A Medicare program to help send seniors to assisted living facilities is becoming increasingly popular, costing taxpayers $1.7 billion. But government investigators said those providing the services don't always follow guidelines on licensing and proper care.
A $1.7 billion initiative by state and local governments to allow Medicare seniors to live more independently is actually sending large numbers of patients to assisted living facilities with licensing or other problems, a federal watchdog warns.
The Department of Health and Human Services' inspector general on Tuesday urged federal government to provide greater oversight to the Home and Community Based Services (HCBS) programs after a review in seven states found nearly 77 percent of the patients received the care through facilities that had problems with licensing and certification.
"Each state had federally mandated provider standards; however, [facilities] in the seven selected states did not always comply with them, and federally required plans of care did not always meet federal requirements," the IG's report said.
And there has been increased demand by seniors for HCBS. According to Tuesday's IG report, between 2002 and 2009, the number of program beneficiaries has grown by 122 percent. States are supposed to determine whether their Medicare programs will help cover the costs.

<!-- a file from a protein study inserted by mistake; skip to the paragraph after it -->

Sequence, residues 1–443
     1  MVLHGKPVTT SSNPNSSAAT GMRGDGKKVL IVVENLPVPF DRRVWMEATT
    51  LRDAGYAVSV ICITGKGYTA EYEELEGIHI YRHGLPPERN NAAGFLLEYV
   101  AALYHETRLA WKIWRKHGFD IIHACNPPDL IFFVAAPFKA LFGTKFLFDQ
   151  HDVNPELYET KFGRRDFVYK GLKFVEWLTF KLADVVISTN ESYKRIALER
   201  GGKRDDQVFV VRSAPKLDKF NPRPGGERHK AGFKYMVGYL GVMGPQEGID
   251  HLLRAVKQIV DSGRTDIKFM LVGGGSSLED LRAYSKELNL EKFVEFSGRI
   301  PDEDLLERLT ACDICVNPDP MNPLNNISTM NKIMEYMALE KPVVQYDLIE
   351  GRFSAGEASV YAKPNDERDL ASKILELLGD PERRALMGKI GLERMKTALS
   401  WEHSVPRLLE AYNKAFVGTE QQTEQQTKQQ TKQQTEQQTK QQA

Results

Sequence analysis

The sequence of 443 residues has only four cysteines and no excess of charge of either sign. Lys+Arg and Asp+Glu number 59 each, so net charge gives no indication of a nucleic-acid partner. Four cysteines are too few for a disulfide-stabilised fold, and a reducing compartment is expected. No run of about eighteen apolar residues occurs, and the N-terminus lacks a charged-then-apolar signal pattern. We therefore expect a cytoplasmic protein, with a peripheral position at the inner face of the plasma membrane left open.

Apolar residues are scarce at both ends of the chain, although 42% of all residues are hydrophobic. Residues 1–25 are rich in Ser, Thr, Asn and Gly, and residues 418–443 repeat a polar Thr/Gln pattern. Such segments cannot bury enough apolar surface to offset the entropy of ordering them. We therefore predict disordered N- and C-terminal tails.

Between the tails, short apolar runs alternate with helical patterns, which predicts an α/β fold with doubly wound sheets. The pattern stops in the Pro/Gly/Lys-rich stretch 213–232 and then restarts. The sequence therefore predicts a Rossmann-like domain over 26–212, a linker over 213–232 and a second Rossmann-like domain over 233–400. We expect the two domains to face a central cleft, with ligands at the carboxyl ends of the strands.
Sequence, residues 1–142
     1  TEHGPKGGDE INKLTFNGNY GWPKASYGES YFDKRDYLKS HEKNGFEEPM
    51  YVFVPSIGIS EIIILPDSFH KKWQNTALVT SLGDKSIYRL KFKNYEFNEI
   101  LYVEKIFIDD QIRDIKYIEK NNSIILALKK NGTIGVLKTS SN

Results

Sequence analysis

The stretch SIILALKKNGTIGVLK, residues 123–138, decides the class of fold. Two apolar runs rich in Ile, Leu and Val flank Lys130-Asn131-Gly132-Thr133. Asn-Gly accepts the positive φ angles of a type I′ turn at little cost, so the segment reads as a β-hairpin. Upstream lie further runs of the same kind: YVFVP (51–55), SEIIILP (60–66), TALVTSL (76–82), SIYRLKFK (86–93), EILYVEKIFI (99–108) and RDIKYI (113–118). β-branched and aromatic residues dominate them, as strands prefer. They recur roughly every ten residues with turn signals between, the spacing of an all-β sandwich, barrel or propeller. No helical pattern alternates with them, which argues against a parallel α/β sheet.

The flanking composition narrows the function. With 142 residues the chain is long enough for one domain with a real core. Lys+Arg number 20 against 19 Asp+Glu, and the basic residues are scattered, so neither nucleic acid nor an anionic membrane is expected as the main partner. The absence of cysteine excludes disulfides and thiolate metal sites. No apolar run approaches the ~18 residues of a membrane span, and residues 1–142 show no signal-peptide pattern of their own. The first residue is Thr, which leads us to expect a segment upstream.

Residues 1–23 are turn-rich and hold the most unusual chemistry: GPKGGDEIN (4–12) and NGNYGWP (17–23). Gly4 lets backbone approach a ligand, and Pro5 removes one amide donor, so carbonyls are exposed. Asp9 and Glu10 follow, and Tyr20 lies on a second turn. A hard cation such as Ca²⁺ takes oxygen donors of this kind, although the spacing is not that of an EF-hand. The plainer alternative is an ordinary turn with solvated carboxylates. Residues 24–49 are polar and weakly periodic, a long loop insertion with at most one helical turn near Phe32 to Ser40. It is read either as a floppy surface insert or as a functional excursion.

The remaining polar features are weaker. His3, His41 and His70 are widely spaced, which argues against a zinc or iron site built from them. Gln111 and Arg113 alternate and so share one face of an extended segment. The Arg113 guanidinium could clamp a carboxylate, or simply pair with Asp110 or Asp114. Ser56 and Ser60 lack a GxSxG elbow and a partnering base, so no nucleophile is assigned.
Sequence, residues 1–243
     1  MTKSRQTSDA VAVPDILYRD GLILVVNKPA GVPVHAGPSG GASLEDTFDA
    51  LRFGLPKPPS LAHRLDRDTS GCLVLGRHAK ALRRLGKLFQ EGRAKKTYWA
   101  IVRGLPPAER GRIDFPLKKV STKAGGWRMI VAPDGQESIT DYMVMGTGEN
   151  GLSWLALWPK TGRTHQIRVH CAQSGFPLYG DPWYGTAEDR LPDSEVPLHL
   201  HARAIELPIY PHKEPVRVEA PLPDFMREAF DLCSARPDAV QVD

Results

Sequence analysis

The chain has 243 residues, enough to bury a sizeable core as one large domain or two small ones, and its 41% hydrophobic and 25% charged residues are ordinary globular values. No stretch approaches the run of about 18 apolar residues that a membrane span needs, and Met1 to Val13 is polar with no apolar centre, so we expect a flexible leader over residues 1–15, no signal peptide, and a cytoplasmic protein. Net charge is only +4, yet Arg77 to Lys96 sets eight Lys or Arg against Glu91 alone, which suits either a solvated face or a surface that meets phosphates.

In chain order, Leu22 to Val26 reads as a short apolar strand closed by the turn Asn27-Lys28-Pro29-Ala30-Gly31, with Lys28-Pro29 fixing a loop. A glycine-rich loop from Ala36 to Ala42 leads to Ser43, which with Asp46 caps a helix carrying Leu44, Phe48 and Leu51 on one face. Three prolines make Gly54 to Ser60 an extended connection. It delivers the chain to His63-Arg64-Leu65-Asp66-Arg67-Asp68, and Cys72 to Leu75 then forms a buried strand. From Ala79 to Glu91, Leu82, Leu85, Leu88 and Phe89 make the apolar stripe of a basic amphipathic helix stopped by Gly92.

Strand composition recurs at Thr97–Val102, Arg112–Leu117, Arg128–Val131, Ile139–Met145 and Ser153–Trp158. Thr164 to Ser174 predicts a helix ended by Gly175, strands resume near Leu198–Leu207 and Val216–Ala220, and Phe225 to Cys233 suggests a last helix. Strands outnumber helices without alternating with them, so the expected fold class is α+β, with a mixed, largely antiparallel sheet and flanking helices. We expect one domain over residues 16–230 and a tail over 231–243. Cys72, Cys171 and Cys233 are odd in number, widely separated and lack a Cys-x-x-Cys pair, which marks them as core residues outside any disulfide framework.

Currently, 35 states cover HCBS, and the inspector general found widespread problems in the seven states with the highest number of beneficiaries. Among the problems cited in the report:
- 77 percent of beneficiaries received HCBS at facilities cited for a deficiency involving noncompliance with at least one state licensure or certification requirement.
- 9 percent of beneficiaries’ records did not include plans of care required by the states.
- 42 percent of the federally required plans of care did not include the frequency of HCBS furnished, as required.
- Five of the seven states also required that plans of care specify the beneficiaries’ goals and the interventions to meet them. But 69 of the 105 plans of care for beneficiaries in those states did not meet that requirement
The internal watchdog said that the Centers for Medicare and Medicaid Services should issue guidelines to state Medicare agencies to ensure all facilities that provide HCBS are meeting government requirements.
CMS agreed, and said it would help states try to understand what is required when caring for seniors.
"We will review our guidelines to determine whether additional clarity is needed, and whether we can offer some technical assistance to states in how to meet the present requirements," CMS wrote in a letter included in the report.
The investigation is the latest to uncover problems inside the massive Medicare program highlighted by the Washington Guardian that have ranged from sensitive data breaches to wasteful spending on skilled nursing facilities.
The Health and Human Services Department, or HHS, is the government agency charged with overseeing and regulating the health sector.
The Centers for Medicare and Medicaid Services, or CMS, is the office that oversees and administers the Medicare and Medicaid programs.